Adjuvant CRT Linked to 83% Reduced Risk of Death in Endometrial Cancer

Women with node-positive stage IIIC endometrial cancer assigned to adjuvant chemoradiation therapy had better survival than those assigned to chemotherapy or radiation therapy alone.

Pratibha S. Binder, MD

Women with node-positive stage IIIC endometrial cancer assigned to adjuvant chemoradiation therapy (CRT) had better survival than those assigned to chemotherapy or radiation therapy alone, according to results from a retrospective cohort study.

In results from a retrospective analysis of data collected in the Siteman Cancer Registry, survival after CRT was superior to no adjuvant therapy (P <.001), radiation (P =.010), and chemotherapy (P <.001). Compared with no adjuvant therapy, CRT was associated with an 83% (P <.001) reduced risk for death after adjusting for covariates. Treatment with radiation was associated with a 57% reduced risk for death (P = .024) compared with no adjuvant therapy and chemotherapy led to a 62% reduced risk for death (P = .003).

“For women with stage IIIC endometrial cancer, adjuvant therapy with CRT should be preferred in patients with adequate reserve to tolerate this treatment strategy for its OS benefits over no treatment, radiation therapy alone, or chemotherapy alone, based on the results of a multivariable Cox analysis of almost 200 surgically staged patients in this retrospective study,” first author Pratibha S. Binder, MD, Division of Gynecologic Oncology, Department of Obstetrics and Gynecology, Washington University School of Medicine, and coinvestigators wrote.

“Our retrospective analysis is the only review to date that has compared 4 postsurgical adjuvant treatment strategies and shown a survival advantage of CRT compared to all other strategies. Previous single-institution retrospective studies evaluating the efficacy of adjuvant treatment options for stage IIIC endometrial cancer did not compare all 4 treatment strategies that are presented in our study,” added Binder et al.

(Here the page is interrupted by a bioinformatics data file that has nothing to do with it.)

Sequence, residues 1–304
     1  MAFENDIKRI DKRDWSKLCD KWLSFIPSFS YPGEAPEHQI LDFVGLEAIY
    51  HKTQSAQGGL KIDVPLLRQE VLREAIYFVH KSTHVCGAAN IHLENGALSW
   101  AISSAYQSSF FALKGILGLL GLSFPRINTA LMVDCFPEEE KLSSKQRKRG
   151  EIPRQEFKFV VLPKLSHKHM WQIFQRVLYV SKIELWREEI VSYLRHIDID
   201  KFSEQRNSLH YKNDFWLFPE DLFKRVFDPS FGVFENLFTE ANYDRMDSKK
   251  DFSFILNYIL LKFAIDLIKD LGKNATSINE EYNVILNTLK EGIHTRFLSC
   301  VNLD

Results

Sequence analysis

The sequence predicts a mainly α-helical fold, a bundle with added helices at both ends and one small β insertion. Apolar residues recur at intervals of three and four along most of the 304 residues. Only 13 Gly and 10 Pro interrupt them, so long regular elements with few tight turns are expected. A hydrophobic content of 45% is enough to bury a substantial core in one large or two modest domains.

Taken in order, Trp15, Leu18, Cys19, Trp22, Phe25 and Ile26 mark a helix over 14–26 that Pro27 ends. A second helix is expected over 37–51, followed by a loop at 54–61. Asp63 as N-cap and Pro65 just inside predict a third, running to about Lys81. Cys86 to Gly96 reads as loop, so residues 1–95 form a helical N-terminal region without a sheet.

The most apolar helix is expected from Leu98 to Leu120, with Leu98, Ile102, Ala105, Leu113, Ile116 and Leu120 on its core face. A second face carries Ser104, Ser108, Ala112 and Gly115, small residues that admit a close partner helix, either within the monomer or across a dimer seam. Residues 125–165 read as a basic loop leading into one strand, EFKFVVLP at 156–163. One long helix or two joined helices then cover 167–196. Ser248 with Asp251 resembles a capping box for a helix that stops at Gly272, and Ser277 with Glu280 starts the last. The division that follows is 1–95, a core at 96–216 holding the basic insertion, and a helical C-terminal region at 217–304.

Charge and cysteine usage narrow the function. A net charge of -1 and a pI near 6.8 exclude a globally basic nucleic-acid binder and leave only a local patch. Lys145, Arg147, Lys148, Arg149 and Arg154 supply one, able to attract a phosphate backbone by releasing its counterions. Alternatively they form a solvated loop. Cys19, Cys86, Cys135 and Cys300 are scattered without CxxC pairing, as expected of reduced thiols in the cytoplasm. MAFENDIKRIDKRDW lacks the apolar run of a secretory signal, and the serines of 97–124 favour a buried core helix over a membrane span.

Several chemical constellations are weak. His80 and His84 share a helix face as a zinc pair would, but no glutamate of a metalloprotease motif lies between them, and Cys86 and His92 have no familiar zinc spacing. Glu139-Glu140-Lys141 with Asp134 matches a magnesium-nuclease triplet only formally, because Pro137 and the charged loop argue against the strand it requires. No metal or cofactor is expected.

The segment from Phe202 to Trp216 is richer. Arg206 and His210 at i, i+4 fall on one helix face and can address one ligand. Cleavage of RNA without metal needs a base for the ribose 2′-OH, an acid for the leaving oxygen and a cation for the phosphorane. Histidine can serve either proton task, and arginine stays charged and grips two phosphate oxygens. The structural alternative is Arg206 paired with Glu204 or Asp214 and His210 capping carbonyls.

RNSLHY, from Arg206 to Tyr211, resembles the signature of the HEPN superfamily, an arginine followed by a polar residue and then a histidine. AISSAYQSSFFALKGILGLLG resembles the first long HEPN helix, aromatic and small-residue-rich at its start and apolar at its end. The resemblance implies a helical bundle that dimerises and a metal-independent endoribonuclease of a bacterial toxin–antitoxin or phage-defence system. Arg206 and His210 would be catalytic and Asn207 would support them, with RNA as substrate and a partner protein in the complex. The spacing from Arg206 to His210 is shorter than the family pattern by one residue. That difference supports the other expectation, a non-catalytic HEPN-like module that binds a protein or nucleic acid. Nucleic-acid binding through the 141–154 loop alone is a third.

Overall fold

Investigators at Siteman Cancer Center at Barnes-Jewish Hospital and Washington University School of Medicine identified 2519 women treated at the facility from 2000 to 2012 before reviewing data on 199 patients with surgically-staged node-positive disease, including 115 stage IIIC1 and 84 stage IIIC2 patients. The median follow-up was 40.1 months (95% CI, 5.8-153.4) and 5-year OS was 36.2%.

Compared with patients with G3 disease, those with G1-2 disease were younger (60.0 vs 66.5 years), had fewer positive nodes (2.0 vs 3.0), were more likely to receive adjuvant treatment with radiation therapy alone (21.3% vs 8.8%), and were less likely to receive chemotherapy alone (12.0% vs 36.3%).

More than half of patients (55.6%) with G1-2 disease were treated with chemoradiation compared with 44.0% of those with G3 disease. Roughly 11% of patients in both groups received no adjuvant therapy. There was no difference between the groups in the number of nodes examined, prevalence of lymphovascular space invasion, pelvic washings, or comorbidity score.

Most patients received CRT (50.3%) followed by chemotherapy (23.1%), radiation (16.1%), and no adjuvant treatment (10.5%). Patients treated with chemoradiation were the youngest (60.5 years), followed by radiation (63.0), chemotherapy (67.5), and no adjuvant treatment (70.0).

Compared with chemoradiation, the adjusted risk of death (HRadj) in the overall population was higher with no adjuvant therapy (5.94; P <.001), radiation (2.56; P = .009), and chemotherapy (2.24; P = .004).

Compared with no adjuvant therapy in low-grade patients, radiation alone and CRT led to a 67% (HRadj, 0.33; P = .039) and 85% (HRadj, 0.15; P <.001) reduction in the risk of death, respectively; however, chemotherapy alone was not linked to a reduction in the risk of death (HRadj, 0.64; P = .441). In patients with high-grade disease, chemotherapy and CRT led to a 72% (HRadj, 0.28; P = .003) and 83% (HRadj, 0.16; P <.001) reduction in the risk of death, respectively, compared with no adjuvant treatment; however, radiation did not lead to a reduction in the risk of death (HRadj, 0.62; P = 0.416).

Binder PS, Kuroki LM, Zhao P, et al. Benefit of combination chemotherapy and radiation stratified by grade of stage IIIC endometrial cancer [published online September 12, 2017]. Gynecol Oncol. doi: 10.1016/j.ygyno.2017.08.031.